Self-Organisation in Spatial Systems-From Fractal Chaos to Regular Patterns and Vice Versa.

Banaszak M, Dziecielski M, Nijkamp P, Ratajczak W - PLoS ONE (2015)

Force field for a metropolitan system with M = 3 and with an equal population for each city (see also [21]).
© Copyright Policy
Related In: Results  -  Collection

License
Show All Figures
getmorefigures.php?uid=PMC4581867&req=5

pone.0136248.g002: Force field for a metropolitan system with M = 3 and with an equal population for each city (see also [21]).
Mentions: Since the pioneering works of [20, 21] and [14], it has been widely recognised that the attraction forces leading to an agglomeration can be derived from a gravitational-like potential, which can be expressed as follows:U(r)=-kmr,(4)where r is the distance from the metropolitan centre, m is its population (also referred to as mass), and k is an empirical constant which depends on a variety of system-specific details, such as, for example, objects being attracted (people or goods, or maybe both). The singularity at r = 0 can be easily eliminated by the regularization, which introduces an additional lengthscale, h:U(r)=-kmr2+h2,(5)which not only eliminates infinity at r = 0, but also takes into account the basic observation that cities are not mathematical points: they have a size. The attractive metropolitan force, which is a vector, can be calculated by the standard formula known from classical mechanics:F→(r→)≡-∇→U(r)=-kmr2+h2r→r2+h2,(6)where is a 2-dimensional vector, since the towns in our spatial system are placed on a 2D plane. As in physics, the potentials are additive scalars, and therefore can be used for systems with M metropolitan centres, yielding the following expression:U=-k∑i=1Mmiri2+h2,(7)where mi and ri are the population and the distance from the ith city, respectively. Similarly, the attractive force can be written as:F→=-k∑i=1Mmiri2+h2r→iri2+h2.(8)As an example, we show in Fig 2 the force field calculated from Eq (8), for a metropolitan system with M = 3 and an equal population for each city.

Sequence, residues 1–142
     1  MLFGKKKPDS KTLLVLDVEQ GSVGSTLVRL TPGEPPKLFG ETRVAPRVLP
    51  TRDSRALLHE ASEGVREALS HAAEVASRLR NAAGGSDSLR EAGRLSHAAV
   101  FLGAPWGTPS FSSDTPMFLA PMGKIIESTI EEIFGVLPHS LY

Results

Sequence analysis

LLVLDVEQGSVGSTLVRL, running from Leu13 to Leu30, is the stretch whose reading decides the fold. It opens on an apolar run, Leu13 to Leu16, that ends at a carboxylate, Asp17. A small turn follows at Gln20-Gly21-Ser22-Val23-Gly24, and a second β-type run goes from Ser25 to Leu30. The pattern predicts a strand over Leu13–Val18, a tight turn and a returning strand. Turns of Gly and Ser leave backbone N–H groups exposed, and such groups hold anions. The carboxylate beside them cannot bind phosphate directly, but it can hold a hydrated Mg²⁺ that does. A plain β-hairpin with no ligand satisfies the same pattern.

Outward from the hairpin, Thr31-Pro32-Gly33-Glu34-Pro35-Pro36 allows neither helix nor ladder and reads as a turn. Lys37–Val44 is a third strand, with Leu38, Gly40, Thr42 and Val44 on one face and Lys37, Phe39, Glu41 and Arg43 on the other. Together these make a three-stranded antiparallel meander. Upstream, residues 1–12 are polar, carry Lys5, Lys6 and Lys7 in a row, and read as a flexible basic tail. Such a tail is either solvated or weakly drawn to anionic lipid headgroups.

Bottom Line: This study offers a new perspective on the evolutionary patterns of cities or urban agglomerations.Such developments can range from chaotic to fully ordered.Our approach is dynamic in nature and forms a generalisation of hierarchical principles in geographic space.

View Article: PubMed Central - PubMed

Affiliation: Faculty of Physics, A. Mickiewicz University, ul. Umultowska 85, 61-614 Poznan, Poland.

ABSTRACT
This study offers a new perspective on the evolutionary patterns of cities or urban agglomerations. Such developments can range from chaotic to fully ordered. We demonstrate that in a dynamic space of interactive human behaviour cities produce a wealth of gravitational attractors whose size and shape depend on the resistance of space emerging inter alia from transport friction costs. This finding offers original insights into the complex evolution of spatial systems and appears to be consistent with the principles of central place theory known from the spatial sciences and geography. Our approach is dynamic in nature and forms a generalisation of hierarchical principles in geographic space.

No MeSH data available.


Related in: MedlinePlus